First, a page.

The Taylor Behl Task Force Monday released photos of a pond, obtained in the investigation, and is seeking public assistance in determining its location. They are requesting your help in determining the location of this picture.
Photos and the request for public assistance were initially sent primarily to news media in the Virginia tidewater area on the presumption that the pond is likely located in that part of Virginia, according to authorities. Other news media, however, have picked up on the information in the highly-publicized case.
The Task Force did not identify the source of the pond photos. Attorney General’s Office investigator, Les Lauziere, when queried Monday by the Vienna Times, would not say whether the photos were taken from a computer belonging to Ben Fawley, “a person of interest” in the case, currently being held by Richmond police on unrelated child pornography charges.
UPDATE: AP: Pond identified as Behl murder investigation continues
Police looking into the death of college student Taylor Behl say they have identified and located a pond shown in two photographs that are part of their investigation.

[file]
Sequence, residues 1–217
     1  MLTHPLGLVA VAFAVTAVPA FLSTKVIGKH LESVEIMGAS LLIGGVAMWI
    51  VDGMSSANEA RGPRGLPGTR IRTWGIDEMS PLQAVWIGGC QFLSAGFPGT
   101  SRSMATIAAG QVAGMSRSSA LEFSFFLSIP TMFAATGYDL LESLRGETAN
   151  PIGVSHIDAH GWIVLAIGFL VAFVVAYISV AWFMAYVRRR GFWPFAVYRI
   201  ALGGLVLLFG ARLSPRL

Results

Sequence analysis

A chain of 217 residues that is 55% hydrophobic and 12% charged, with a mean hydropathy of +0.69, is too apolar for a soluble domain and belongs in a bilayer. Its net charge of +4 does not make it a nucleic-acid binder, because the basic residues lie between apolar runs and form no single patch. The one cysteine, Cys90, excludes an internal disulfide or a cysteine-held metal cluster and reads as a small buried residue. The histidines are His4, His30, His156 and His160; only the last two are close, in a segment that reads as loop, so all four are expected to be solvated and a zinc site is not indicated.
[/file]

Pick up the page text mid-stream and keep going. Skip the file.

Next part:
Sergeant D.S. Carr with the Virginia State Police said in an e-mail to reporters Monday that the pond has been identified located in an area adjacent to Mathews County , but he cannot say anything else about it because of a judge’s gag order in the case.
Other agencies on the task force include the state attorney general’s office, the FBI, and the Richmond and VCU police departments.
Anyone with information should call police at (877) 244-HELP or (804) 828-1196.
Richmond Times Dispatch: Behl investigators want help
Authorities hoping public can lead them to photographed pond
Two photos of a pond believed to be in Mathews County could prove to be little more than a fishing expedition in the hunt for evidence in the death of Virginia Commonwealth University student Taylor Behl. Sources close to the investigation said Behl task force members gathering evidence on the Vienna teen’s death in September — allegedly during a sexual encounter in Mathews with suspect Benjamin Fawley — have no direct evidence suggesting that the pond is linked to Behl’s death.